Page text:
Celebrities in ads: Why do they do it?

Celebrities in ads: Why do they do it?

There’s been an intermittent trend over recent years to use Hollywood stars in ads for UK brands.

Why is this?

Does it help either party’s brand and boost sales? 

We all want to know about cold hard cash and the bottom line, right?

Apparently, Kevin Bacon has been the ‘face’ of EE for nearly a decade now. Wow, that sure has gone quick. When the American star who found fame in huge Hollywood films like Footloose and Apollo 13 popped up on our screens advertising a UK mobile network, it was a bit of a scratching head moment. 

Should we applaud EE for managing to get such a big star to advertise its network or should we stare at the screen and wonder why Kevin Bacon would do such a thing? 

Perhaps he was hard up for cash. UK-based mobile networks don’t appear to align with the Kevin Bacon brand.

To be fair, there was a theme that was relevant to Bacon in the ad and that was the concept of ‘six degrees of Kevin Bacon’ which showed how connected he was to people all around the world. Maybe as the ads were for the UK market it didn’t really affect his Hollywood career as the ads weren’t aired in the US. 

Nevertheless, we live in the day and age of the internet where almost anything is accessible at anytime and anywhere. Bacon has gone on to make several films and tv series' since taking on the advertising role, although none as big at the box office as some of his earlier work.

Since Kevin Bacon’s ad appearance, there have been several more huge US stars that have taken up the offer to star in UK ads. Robert de Niro has done a few, most recently the Kia ad for its Niro electric hybrid car.

Robert de Niro. Now that’s a name that definitely trumps Kevin Bacon’s in terms of Hollywood royalty.

So, what business does he have doing ads for the UK market? And which came first, him agreeing to do the ad, or the name of the car? The Kia brand is associated with value-for-money South Korean cars. The link to an A list Hollywood star is, well, answers on a postcard please.

I, for one, just don’t get it.

Don’t these actors care about their brand? How does teaming up with these products that have nothing to do with Hollywood, films, luxury lifestyle etc have any positive impact on their personal brand?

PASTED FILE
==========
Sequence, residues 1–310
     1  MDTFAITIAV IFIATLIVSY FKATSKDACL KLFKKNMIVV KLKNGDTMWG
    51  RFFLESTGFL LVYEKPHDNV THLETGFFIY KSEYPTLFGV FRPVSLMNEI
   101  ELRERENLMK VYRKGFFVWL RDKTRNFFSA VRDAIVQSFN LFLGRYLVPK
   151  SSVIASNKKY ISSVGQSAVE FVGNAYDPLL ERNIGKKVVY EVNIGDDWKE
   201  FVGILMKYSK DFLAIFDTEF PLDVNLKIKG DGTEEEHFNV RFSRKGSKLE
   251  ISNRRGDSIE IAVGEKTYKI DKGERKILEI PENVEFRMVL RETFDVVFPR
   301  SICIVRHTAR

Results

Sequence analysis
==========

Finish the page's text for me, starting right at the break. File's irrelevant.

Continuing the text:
And Snoop Dogg and Just Eat.

Not only is that an advert with a really annoying jingle (but yes, I know it gets in your head so it achieves what it set out to do) but it must have cost them so much money to get Snoop Dogg. At least Just Eat tried to play on the theme of ‘luxury lifestyle’ in the execution I guess, but what did it do for Mr Dogg’s brand? I would argue nothing, but for Just Eat—a lot.

Warburtons and Hollywood.

At least George Clooney had the opportunity to front up Nespresso, a much more aspirational brand than most of the products his US colleagues chose to hook up with.

Which brings me onto that very British brand of bread products, Warburtons.

Warburtons, based in Bolton, birthplace to UK comedian legend Peter Kay, has form with using Hollywood stars in its ads. It’s not just used one of them, oh no—it’s used four different US celebs/group of celebs over the years as well as (perhaps more appropriately) Peter Kay. The Muppets, Robert de Niro, Sylvester Stallone and the latest star, George Clooney, have all headed up the ads.

Warburtons is about as down-to-earth-northern-England as it gets for a brand. So why do those who like their names in lights sign up to promote it?

How does bread say Hollywood star?

Again, I can only think for the celebrity that it’s a money, maybe a fun-to-do thing that is behind these questionable collaborations. It certainly doesn’t make me adhere more to the star, quite the opposite. I just find myself thinking, ‘eh?!’

Although I know for the latest Warburtons/George Clooney partnership the money he was paid went straight into the Clooney Foundation for Justice, which promotes human rights throughout the world.

And as I said earlier, ads being shown in the UK aren’t going to affect their credibility in the big movie houses, are they?

So, if the celebs’ brand doesn’t benefit from the UK ads, does the UK brand?

Yes, I would say—most of the time.

Seeing a well-known face associated with a product helps to push its credibility, although see above where some partnerships leave me with the ‘huh?’ feeling.

In terms of sales, getting attention with the famous names undoubtedly helps put the product brand at the forefront of people’s minds which in turn should help the tills ring. According to Harvard Business School, celebrity endorsement can increase sales by 4% compared to competitors who don’t have the endorsement.

Whatever the reasons for the famous faces and the UK brands to cosy up, celebrity endorsement and influencer marketing overall is certainly not a recent thing and it seems like it’s something that will be a key advertising tool for many more years to come.

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